Graphics *and* Statistics: The Facebook Map

[This article was first published on Statistical Graphics and more » R, and kindly contributed to R-bloggers]. (You can report issue about the content on this page here)
Want to share your content on R-bloggers? click here if you have a blog, or here if you don't.

There is this beautiful graph created by the facebook intern Paul Butler showing all (?) connections between facebook accounts:

Paul’s article is called “Visualizing Friendships“, which I would more call “Visualizing connections between facebook accounts”, but that is probably a different matter.

Although this is a beautiful piece of artwork, from a statistical point of view it is not really giving us a great deal of insights. Sure, there are certain “white spots” on the map, where either there is a competitor of facebook more successful or people don’t want to, or can not use this kind of “social” contacts. Obvious examples are Russia or China. But this is info more on a meta level, i.e., not really part of the info shown.

What would be more interesting are things like a comparison between the expected link intensity based on either population, broadband connections or actual facebook accounts and the data Paul compiled. Looking at Germany, e.g., we see the former eastern part being less connected, which is based on both, smaller population density as well as a poorer development of broadband connections.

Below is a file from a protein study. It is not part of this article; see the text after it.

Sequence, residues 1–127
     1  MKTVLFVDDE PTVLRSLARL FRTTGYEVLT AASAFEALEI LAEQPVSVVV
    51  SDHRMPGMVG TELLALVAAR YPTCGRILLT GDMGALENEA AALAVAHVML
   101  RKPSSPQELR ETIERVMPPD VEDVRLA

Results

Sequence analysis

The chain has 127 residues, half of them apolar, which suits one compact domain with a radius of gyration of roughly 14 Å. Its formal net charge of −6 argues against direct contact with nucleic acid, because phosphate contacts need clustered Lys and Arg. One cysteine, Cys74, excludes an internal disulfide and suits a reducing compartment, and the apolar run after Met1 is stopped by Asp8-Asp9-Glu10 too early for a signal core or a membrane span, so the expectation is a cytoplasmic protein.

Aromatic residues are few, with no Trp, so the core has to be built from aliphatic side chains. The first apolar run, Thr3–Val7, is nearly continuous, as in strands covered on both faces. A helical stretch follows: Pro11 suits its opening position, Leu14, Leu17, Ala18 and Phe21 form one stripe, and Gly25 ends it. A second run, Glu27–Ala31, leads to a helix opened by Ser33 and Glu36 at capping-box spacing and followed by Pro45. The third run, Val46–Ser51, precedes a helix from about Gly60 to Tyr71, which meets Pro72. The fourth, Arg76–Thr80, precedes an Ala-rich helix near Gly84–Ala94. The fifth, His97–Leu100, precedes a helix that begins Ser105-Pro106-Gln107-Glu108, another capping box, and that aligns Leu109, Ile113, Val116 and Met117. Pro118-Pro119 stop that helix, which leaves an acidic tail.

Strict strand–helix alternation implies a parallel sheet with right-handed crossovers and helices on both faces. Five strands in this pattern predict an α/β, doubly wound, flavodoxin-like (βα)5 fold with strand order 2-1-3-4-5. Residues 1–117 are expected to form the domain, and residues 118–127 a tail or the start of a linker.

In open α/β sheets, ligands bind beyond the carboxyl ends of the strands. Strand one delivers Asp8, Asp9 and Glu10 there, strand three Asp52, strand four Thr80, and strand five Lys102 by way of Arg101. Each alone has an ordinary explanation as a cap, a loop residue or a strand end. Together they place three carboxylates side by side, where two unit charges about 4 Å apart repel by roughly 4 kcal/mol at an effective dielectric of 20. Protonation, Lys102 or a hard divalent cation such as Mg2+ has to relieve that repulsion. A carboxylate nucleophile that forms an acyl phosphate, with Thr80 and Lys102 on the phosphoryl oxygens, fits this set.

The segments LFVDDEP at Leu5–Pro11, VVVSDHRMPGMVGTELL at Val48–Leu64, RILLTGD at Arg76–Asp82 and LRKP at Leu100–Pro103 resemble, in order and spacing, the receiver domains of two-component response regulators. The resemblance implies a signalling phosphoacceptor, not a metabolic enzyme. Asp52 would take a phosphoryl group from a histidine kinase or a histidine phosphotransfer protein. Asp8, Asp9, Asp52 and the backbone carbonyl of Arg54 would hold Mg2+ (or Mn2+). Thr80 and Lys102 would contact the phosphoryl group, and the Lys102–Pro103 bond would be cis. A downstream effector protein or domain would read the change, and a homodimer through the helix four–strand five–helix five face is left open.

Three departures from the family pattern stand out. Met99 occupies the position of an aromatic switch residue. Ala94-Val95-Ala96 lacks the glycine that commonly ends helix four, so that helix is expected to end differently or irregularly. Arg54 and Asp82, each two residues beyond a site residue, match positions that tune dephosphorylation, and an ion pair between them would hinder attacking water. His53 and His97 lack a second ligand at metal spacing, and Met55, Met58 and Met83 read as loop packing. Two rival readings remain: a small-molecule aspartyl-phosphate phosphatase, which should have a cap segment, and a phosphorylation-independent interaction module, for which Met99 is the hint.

A visualization of these connection intensities should be hierarchic, starting with continents with the ability to drill down into countries, states and cities. That would certainly mean some development and could not be done in R (yes, this map was created in R!) so easily – maybe a case for iplots.

To leave a comment for the author, please follow the link and comment on their blog: Statistical Graphics and more » R. offers daily e-mail updates about R news and tutorials about learning R and many other topics. Click here if you're looking to post or find an R/data-science job.
Want to share your content on R-bloggers? click here if you have a blog, or here if you don't.

Never miss an update!
Subscribe to R-bloggers to receive
e-mails with the latest R posts.
(You will not see this message again.)

Click here to close (This popup will not appear again)